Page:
Are you focused on research or on generally aiding science?

As someone with a lifetime of experience, you would be invaluable as a volunteer at outreach and engagement activities. You could ask your local University or even city council if they are running any science outreach projects you could collaborate with. Again, this does not just mean school children, although that can be a part of it. Lobbying for science literacy in politics, organising science fairs, giving talks to interested groups, etc.

I will try to think of more research related examples later today. It would be helpful to know what country you are based in, as my experience may be very different to yours.

Later edit: If you are interested in exoplanets but want more autonomy of research than the citizen science projects afford, you may be interested to know that NASAs Exoplanet Archive is a publicly available archive of data from exoplanet missions along with the tools to work with the data. Happy planet hunting!

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I recommend visiting a few university Astronomy departments, and investigating their PhD programmes.

While a PhD may seem like a big thing to undertake as a retired person (and it is), you will certainly be doing real research.

Just discussing the possibilities with people in a few Astronomy departments will lead to other ideas, or actual research projects you can participate in.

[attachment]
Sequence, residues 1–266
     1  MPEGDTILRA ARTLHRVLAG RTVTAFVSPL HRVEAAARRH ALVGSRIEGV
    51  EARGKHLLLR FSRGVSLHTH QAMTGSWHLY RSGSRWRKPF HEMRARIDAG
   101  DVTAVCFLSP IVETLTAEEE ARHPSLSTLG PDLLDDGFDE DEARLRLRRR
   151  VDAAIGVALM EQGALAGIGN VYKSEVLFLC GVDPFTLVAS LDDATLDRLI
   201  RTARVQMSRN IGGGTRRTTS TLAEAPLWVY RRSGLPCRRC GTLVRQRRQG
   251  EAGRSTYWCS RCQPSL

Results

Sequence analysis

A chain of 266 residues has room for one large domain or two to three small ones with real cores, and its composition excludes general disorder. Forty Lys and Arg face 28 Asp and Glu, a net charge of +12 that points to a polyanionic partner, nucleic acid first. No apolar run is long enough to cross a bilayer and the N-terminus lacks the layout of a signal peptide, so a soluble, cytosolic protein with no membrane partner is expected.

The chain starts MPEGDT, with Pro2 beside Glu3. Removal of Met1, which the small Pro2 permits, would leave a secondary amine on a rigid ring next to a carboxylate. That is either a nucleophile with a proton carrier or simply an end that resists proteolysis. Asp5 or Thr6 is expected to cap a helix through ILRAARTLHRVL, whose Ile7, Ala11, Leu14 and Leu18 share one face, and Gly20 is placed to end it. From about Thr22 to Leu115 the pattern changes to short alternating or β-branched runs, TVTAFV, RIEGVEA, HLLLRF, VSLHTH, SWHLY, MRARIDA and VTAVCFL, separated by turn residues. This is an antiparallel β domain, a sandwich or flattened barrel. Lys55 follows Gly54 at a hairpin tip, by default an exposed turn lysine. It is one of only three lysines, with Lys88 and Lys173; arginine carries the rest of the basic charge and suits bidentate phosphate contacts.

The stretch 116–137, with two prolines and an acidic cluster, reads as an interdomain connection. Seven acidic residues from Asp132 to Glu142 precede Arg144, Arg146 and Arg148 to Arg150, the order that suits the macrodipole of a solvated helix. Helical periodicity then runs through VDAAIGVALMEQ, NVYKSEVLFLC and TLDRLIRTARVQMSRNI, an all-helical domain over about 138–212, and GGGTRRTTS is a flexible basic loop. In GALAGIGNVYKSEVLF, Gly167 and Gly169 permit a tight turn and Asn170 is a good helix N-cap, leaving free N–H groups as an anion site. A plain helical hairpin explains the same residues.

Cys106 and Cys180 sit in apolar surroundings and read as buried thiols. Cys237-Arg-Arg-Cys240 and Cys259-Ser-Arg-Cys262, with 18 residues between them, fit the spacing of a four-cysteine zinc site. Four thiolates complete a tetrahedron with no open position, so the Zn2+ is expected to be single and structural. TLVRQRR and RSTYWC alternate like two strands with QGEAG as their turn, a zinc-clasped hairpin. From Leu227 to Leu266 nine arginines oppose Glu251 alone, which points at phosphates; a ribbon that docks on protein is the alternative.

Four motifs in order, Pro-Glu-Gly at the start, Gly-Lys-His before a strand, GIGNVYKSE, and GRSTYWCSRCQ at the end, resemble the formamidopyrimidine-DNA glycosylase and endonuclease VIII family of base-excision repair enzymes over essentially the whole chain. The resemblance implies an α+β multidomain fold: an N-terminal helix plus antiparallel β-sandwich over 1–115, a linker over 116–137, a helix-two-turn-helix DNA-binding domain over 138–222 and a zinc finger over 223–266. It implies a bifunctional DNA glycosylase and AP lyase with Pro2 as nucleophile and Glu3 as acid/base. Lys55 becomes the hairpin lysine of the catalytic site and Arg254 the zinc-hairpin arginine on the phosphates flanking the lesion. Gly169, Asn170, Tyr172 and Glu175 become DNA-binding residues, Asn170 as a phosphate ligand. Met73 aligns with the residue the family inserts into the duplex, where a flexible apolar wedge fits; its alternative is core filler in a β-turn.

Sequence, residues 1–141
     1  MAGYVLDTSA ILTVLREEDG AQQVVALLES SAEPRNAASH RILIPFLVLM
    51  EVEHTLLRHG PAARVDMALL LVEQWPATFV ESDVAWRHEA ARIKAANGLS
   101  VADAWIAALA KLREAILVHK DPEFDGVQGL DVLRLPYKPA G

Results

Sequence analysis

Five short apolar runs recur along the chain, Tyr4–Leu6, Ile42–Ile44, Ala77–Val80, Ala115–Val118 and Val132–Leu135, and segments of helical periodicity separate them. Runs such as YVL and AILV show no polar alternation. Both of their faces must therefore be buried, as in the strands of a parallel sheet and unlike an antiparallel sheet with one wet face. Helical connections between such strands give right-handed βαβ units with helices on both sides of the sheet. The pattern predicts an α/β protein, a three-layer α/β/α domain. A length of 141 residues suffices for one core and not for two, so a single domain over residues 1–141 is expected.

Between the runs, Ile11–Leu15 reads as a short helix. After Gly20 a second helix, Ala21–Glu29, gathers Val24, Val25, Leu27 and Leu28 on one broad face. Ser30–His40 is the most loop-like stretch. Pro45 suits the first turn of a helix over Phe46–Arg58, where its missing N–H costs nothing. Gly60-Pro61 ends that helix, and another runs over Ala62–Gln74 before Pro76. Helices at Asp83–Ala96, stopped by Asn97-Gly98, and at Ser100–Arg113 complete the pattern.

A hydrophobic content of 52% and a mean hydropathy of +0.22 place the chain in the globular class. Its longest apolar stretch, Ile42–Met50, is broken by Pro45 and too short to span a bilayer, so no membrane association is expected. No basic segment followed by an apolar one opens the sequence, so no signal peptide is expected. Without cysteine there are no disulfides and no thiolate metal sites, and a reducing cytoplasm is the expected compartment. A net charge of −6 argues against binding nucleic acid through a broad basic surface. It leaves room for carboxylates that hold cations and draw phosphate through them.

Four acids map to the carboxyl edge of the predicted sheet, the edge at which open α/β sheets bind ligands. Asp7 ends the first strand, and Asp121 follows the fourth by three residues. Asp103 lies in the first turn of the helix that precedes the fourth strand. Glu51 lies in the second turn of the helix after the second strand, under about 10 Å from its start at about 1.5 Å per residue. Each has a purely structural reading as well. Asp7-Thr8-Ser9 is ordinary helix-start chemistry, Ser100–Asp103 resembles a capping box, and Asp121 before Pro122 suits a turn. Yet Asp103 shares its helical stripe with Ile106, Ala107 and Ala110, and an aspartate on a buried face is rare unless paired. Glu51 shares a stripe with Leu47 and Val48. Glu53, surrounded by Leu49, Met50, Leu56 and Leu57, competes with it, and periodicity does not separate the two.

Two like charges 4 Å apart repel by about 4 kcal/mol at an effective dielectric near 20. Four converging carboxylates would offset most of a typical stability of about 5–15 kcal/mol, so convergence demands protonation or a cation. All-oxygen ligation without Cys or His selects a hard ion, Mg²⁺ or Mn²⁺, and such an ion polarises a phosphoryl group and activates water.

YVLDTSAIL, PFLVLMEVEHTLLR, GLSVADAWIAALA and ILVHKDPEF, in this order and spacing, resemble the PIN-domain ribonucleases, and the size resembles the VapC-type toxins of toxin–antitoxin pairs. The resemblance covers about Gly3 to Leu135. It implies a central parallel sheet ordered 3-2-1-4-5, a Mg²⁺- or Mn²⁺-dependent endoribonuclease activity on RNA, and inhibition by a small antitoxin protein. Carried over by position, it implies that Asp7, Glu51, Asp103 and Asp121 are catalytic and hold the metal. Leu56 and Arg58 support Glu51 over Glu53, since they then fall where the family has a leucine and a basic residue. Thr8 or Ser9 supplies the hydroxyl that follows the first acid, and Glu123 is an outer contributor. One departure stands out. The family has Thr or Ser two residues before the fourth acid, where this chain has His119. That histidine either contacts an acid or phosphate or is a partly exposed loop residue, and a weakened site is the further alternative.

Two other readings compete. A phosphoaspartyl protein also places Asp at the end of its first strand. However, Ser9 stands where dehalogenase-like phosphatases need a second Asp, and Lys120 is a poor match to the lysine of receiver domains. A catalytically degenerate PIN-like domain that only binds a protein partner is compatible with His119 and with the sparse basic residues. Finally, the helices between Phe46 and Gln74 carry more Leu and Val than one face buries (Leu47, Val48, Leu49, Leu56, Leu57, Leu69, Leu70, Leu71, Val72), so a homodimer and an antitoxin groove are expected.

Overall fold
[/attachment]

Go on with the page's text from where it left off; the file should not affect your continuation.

Good luck.

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  • $\begingroup$ The problem with this suggestion might be tuition fees... $\endgroup$ – Rob Jeffries May 18 '15 at 21:25
  • $\begingroup$ @RobJ Yes it could, unless one were to obtain a scholarship. The idea is to start talking to researchers with an open mind to possibilities. $\endgroup$ – andy256 May 18 '15 at 21:53
  • $\begingroup$ Re: contact astronomy dept, I did post an email to the astronomy/physics dept head at the major university in town offering to do FREE work of any level even at the dog work level. My email was circulated to all members of the department by the dept head. I received one reply and had a meeting. We had a good meeting but no work tasks were ever forthcoming. I think that graduate student labor is too cheap for even my offer of FREE labor to compete. $\endgroup$ – tckosvic Jun 18 '15 at 12:25
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    $\begingroup$ They must run seminars. Find out when and where and show up, so that you hear what work they're doing, and get an idea of where you could fit in or contribute. It's the personal contact that will get you there in the end. Keep at it! $\endgroup$ – andy256 Jun 18 '15 at 13:34
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If you have a telescope and use it often, there are things that you could definitely contribute. Discovering new comets is still something that amateurs do well. Tracking variable stars is also worthwhile.